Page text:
State of Shock




Shock is a very common feature of an infarct, and all degrees may occur. It may be mild and fairly transient in minor infarcts. Or it may be very severe and prolonged.



Simple shock may develop into cardiac shock, which is even more serious and ominous in total outlook.

The common symptoms of shock include a feeling of weakness and dizziness, and the patient may actually faint. Sweating and vomiting may occur. The appearance may be similar to a person in an ordinary faint.



But it may be more marked and more serious. The skin may appear to be pale, cold and clammy. The face is pale, drawn and anxious, and the skin assumes a transparent quality. Or there may be a bluish tinge, as inadequate oxygen is reaching the skin and extremities. But throughout all this, the mental alertness of patients is often surprisingly clear, and they may be well aware of what is taking place around them.

This state of shock may be transient. or more seriously it may persist for hours or even days. The longer it persists, the more critical the implications. With true cardiac shock that persists, the outcome can be very serious, and often death will follow.



As the state of shock passes off, patients will notice a reduction of the pain: they might brighten perceptibly, or indications of heart failure may put in an appearance.

Shock may be a serious condition, indicating a sudden reduction of the blood pressure and a depression of all vital centres, causing weakness, subnormal temperature, sweating and apathy. The skin is pale and cold, the pulse weak and rapid, and the patient may be restless and agitated. He or she may be able to think clearly, but may lie quite still. The immediate causes are usually severe external injuries and internal trauma to major organs. Haemorrhage, crushing injuries and burning are important factors.



These produce loss of fluid, and the amount of circulating blood suddenly lessens. Pain can aggravate the situation. Other important causes include serious conditions such as perforation of the gut, peritonitis, severe diarrhoea and vomiting, overwhelming infections, massive pulmonary embolism or damage to the heart (as by cardiac infarction).

Shock Symptoms

1. Patiem may feel light-headed, giddy or faint.



2. Nausea or votniting may be present. May feel thirsty.

3. Skin becomes cold, pale and clammy.

4. Pulse is slowly becomes rapid and weak. Breathing is weak and shallow.

h. There may be dullness of mentality, which can lapse into unconsciousness. The conditions causing the shock are usually present, and must be .treated if applicable.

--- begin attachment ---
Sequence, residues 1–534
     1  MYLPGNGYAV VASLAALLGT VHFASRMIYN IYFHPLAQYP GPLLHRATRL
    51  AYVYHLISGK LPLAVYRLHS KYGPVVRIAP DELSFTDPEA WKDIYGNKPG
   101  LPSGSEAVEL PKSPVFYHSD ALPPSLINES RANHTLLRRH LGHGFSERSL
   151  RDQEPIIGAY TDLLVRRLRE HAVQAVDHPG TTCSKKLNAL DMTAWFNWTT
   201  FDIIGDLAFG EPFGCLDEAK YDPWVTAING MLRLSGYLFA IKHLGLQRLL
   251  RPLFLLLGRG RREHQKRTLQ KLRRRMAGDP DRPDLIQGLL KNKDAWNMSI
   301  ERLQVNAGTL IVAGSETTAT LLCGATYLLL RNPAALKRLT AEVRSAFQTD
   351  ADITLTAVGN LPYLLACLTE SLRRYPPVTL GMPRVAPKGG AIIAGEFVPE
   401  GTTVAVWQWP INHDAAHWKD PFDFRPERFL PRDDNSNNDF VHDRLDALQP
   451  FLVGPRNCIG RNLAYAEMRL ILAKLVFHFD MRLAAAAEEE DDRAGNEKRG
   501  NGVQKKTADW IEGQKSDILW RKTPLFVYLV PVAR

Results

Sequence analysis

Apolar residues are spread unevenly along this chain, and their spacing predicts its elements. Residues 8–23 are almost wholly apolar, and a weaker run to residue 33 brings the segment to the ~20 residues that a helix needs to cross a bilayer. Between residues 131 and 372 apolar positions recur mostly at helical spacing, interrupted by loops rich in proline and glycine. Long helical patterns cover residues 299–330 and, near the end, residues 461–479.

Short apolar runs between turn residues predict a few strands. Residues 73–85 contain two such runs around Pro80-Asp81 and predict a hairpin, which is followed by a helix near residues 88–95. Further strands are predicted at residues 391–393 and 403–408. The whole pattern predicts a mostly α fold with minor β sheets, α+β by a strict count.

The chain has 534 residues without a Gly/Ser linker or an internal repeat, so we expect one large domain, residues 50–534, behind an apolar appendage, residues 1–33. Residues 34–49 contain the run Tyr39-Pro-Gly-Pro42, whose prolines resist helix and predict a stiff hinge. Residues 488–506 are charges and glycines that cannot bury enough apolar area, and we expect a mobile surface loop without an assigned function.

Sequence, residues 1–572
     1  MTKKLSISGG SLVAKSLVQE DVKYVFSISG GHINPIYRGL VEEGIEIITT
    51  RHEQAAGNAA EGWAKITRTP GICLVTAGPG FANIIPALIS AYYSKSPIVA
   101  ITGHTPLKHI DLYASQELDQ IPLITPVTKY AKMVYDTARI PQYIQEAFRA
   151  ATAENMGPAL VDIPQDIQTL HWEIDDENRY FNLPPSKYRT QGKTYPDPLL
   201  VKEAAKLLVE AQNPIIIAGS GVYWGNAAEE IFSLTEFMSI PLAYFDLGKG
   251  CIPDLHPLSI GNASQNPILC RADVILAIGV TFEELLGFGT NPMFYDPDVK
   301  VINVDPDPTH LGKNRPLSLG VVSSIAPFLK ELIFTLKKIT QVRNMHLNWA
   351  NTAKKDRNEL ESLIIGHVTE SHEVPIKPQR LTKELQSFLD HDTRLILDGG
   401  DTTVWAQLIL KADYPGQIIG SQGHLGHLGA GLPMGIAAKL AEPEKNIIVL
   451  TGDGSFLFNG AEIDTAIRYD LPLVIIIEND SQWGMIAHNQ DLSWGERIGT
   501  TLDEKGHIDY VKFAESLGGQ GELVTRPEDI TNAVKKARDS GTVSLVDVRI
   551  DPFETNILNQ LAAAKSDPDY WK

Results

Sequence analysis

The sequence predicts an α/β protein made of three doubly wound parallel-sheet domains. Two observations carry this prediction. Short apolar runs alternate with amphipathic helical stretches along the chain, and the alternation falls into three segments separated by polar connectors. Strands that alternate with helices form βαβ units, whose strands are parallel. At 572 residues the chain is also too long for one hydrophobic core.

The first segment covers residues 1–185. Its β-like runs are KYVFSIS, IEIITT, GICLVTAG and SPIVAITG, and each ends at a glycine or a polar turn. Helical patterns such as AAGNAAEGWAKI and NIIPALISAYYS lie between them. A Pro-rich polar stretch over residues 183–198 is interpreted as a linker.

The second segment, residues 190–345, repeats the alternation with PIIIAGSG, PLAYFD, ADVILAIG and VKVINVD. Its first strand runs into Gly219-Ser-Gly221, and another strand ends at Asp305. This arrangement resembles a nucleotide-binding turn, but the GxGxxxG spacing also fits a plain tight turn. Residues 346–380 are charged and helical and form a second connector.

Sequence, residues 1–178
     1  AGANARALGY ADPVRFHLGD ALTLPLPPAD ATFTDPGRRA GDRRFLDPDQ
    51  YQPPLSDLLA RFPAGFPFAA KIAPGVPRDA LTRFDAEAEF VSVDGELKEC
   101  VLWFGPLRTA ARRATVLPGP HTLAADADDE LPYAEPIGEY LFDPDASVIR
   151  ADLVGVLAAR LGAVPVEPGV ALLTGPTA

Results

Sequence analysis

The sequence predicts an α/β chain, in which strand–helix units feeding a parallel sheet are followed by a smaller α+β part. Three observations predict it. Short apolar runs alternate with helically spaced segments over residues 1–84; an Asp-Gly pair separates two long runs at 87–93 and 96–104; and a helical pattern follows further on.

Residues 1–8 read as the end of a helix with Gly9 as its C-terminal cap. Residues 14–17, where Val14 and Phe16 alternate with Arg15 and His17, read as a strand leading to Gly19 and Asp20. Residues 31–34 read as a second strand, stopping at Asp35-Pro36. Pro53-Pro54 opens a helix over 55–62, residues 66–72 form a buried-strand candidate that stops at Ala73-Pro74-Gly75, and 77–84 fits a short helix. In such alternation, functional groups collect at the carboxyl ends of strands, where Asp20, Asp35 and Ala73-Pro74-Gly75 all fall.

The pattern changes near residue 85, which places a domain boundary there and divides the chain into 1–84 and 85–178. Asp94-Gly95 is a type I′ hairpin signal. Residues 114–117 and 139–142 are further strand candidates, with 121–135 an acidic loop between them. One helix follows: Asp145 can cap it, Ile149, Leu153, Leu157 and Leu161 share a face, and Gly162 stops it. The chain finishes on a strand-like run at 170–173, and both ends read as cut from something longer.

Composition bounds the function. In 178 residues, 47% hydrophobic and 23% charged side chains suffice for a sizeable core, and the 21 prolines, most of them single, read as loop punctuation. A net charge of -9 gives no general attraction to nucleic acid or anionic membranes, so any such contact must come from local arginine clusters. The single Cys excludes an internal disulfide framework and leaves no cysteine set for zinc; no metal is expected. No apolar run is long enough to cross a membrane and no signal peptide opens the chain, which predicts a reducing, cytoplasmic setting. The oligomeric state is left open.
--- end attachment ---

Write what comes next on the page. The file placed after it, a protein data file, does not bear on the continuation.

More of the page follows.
Shock Treatment

Shock is a medical emergency, and treatment must be commenced as early as possible. This is best carried out in a hospital geared to cope with these emergencies. Haemorrhage must be stopped immediately, and blood replacement given by blood transfusion, or by some other replacement fluid if this is not available. In some instances hydrocortisone is given, and appears to be helpful. The patient is kept warm, but not hot.

First-aid treatment that may be given by the casual bystander, pending professional assistance, includes:

• Make certain there is an adequate airway and plenty of fresh air.

• Control haemorrhage as a matter of urgency.



• Ensure maximum blood to the brain by lowering the head and elevating the lower limbs.

• Do not heat the patient, but prevent shivering by use of a blanket or other suitable covering.

• Endeavour to prevent fluid loss through sweating by protecting the patient from evaporation.

• Endeavour to relieve pain by covering wounds, splinting fractures, elevating injured parts and resting them. Handle gently at all times.



• Remain calm, and do not panic or rush. Take your time, but operate efficiently, calmly: and .effectively.

• Make certain air passages are clear. Remove any obstruction if present. Resuscitate if necessary,

• Control bleeding if this is occurring, (See Haemorrhage.)

• Ensure maximum blood supply to centres (heart and brain). Elevate legs on cushions, or some other form of comfortable support if there are no fractures.

• Prevent shivering, but do not overheat. Cover with blanket or rug if cool day.

• Speak encouragingly; This is for the patient already feels poorly, and positive words of encouragement can have a remarkable psychological benefit. Get to emergency medical attention as soon as possible keeping patient comfortable and moving as little as necessary.